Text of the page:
“Humankind cannot bear very much reality”, T.S. Eliot wrote in “Four Quartets”. But only reality, however bleak, dignifies humankind. That is why we need revisionist historians who keep correcting our consoling and self-justifying narratives.
Two recent books have aroused controversy precisely because they set out to challenge versions of reality which have been the conventional wisdom for the past 50 or so years. One recounts how the man who has been acclaimed as the “Greatest Briton” who ever lived, carelessly sacrificed the lives of over one million Indians in the pursuit of victory in World War II. The book is Churchill’s Secret War by Madhusree Mukerjee.
Publishers Weekly describes this book as an important correction of the common picture of India as a “placid imperial bastion during WWII”. Rather,
India was in fact racked by famine and insurrection, according to this searching history. Mukerjee surveys a country seething with violence, as Congress Party militants agitating for independence turned to rioting and assassination campaigns after bloody police crackdowns, and an army of Indian guerrillas fought alongside the Japanese against the British.
The author’s centerpiece is a chronicle of the 1943 Bengali famine, in which at least 1.5 million died while British authorities continued exporting Indian grain. She blames the disaster on British policy, which, she argues, sought to extract as much war production and food as possible from India while printing money to pay for it; the resulting inflation priced food beyond the reach of the poor.
Mukerjee sets her well-researched chronicle amid heartbreaking scenes of starvation, bloodshed, and pungent portraits of Winston Churchill and his advisers as studies in racial disdain and deluded imperial nostalgia. This gripping account of a historical tragedy is a useful corrective to fashionable theories of benign imperial rule, arguing that a brutal rapaciousness was the very soul of the Raj.
The story does not make a great case for our capacity to learn our lessons from history. The descriptions of grain being shipped out of India while millions were dying of starvation makes it look like a re-run of the Great Famine in Ireland one hundred years earlier. British government policy then was locked in the prison of laissez faire economics and allowed merchants to ship grain out of Irish ports while people starved on a diet of grass and nettles.
Ramachandra Guha, author of India after Gandhi, writes of Mukerjee’s account: “Winston Churchill’s dislike of India and Indians has been known to scholars. But now, in Churchill’s Secret War, we have, for the first time, definitive evidence of how a great man’s prejudices contributed to one of the most deadly famines in modern history.”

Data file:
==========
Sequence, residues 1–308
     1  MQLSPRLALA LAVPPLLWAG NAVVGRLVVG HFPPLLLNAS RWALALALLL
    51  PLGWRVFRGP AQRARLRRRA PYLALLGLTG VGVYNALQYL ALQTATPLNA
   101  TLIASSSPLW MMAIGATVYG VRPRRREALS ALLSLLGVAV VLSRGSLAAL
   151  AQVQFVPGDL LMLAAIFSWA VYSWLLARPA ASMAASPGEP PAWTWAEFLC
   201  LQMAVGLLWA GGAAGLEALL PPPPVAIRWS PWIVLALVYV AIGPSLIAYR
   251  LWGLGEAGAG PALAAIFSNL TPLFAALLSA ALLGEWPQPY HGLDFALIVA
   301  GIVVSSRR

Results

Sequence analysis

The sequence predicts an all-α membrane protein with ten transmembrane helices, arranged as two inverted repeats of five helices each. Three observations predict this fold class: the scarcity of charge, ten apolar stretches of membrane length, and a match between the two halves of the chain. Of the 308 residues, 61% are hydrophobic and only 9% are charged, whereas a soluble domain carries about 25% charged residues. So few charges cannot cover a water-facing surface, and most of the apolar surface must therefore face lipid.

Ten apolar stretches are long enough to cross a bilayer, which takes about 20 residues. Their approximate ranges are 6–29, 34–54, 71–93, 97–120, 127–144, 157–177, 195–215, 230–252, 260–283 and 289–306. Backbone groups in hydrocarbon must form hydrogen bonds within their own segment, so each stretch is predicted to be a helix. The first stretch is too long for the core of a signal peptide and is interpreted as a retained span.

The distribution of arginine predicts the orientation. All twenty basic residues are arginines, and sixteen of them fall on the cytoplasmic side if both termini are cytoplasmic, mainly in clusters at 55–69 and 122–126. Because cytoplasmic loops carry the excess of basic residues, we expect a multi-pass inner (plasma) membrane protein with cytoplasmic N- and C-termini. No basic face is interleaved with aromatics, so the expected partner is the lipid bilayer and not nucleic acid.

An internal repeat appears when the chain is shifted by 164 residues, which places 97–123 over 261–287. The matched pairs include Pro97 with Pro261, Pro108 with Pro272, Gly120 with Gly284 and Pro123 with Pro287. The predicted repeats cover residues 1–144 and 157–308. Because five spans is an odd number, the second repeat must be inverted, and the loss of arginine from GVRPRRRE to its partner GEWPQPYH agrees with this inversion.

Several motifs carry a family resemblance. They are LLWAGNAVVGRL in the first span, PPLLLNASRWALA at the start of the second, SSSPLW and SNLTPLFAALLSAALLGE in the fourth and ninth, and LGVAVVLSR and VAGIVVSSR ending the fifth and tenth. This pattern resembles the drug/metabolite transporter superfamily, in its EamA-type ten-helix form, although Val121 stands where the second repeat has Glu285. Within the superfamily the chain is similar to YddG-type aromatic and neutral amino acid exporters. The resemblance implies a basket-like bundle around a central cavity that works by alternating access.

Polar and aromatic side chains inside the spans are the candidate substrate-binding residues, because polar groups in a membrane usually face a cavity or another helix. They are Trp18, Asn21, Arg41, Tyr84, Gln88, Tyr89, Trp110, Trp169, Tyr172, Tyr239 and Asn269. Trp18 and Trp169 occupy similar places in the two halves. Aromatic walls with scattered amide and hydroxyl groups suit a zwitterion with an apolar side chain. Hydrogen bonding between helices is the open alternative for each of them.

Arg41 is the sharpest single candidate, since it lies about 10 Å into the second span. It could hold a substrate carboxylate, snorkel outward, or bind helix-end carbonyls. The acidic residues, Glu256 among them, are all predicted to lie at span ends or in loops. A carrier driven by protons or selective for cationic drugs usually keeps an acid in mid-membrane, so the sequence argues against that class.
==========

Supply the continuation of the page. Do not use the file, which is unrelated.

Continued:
Of course, any familiarity with history shows us quite clearly that the epithet “great” is one which has too readily been applied to any number of fatally flawed characters — from Alexander to Napoleon and beyond.
The other book revisits and revises the sad history of the eastern European lands lying between Germany and Russia. It has aroused anger because it dares to suggest that a narrative which recounts the slaughter of over 40 million souls is at least as deserving of a place in the collective memory as the contemporaneous extermination of 6 million souls in the Nazi concentration camps. This is Professor Professor Timothy Snyder’s Bloodlands, described by a writer in The Economist as “one of the most impressive books of history that I have ever read.”
But Snyder, Professor at Yale University, has his many critics. Efraim Zuroff of the Simon Wiesenthal Center accuses him of deflecting “the full measure of well-deserved blame from the major culprit of the Second World War … to provide a scholarly basis for the historically-inaccurate ‘double genocide’ theories, so prevalent recently in the post-communist world, which dangerously distort the history of the Second World War and the Holocaust.” For these critics there is only one genocide and all others must pale into insignificance when set beside it.
In fact, Snyder does not diminish the tragedy and uniqueness of the Holocaust. He only insists that we cannot lose sight of the larger picture. Between 1930 and 1945, in the area between central Poland and the Russian border, 14 million men, women and children were starved, shot and gassed to death, first by Stalin and then by Stalin and Hitler. The numbers are so vast that they numb our consciences.
Both these books, each revisionist in its own way, are doing an invaluable service to truth and to humankind. The reactions to both, however, show that humankind is often not just reluctant to bear reality but is also quite prepared to doctor descriptions of reality in ways which relieve the shame which confronting history arouses in us.
History writing is often the prerogative of the victors. Their stories must surely be taken with a pinch of salt. No safer is history written by the victims – and victimhood is a very respected condition in our time. The greatest enemy of historical truth is the complacent contemplation of our own good intentions and virtues. Unless we have the courage to also confront malice and vice, we construct myths and memorials to capable but flawed men, men who made terrible mistakes which cost millions of lives.
Does this mean that history is just about debunking great men? No. But we have to accept that great men, like the rest of us, are a mixture of goodness, nobility, weakness, stupidity and malignant prejudice. The pain of confronting reality should never be a reason for pretending that things were other than they were.
Michael Kirke is a freelance writer in Dublin. He
blogs at Garvan Hill.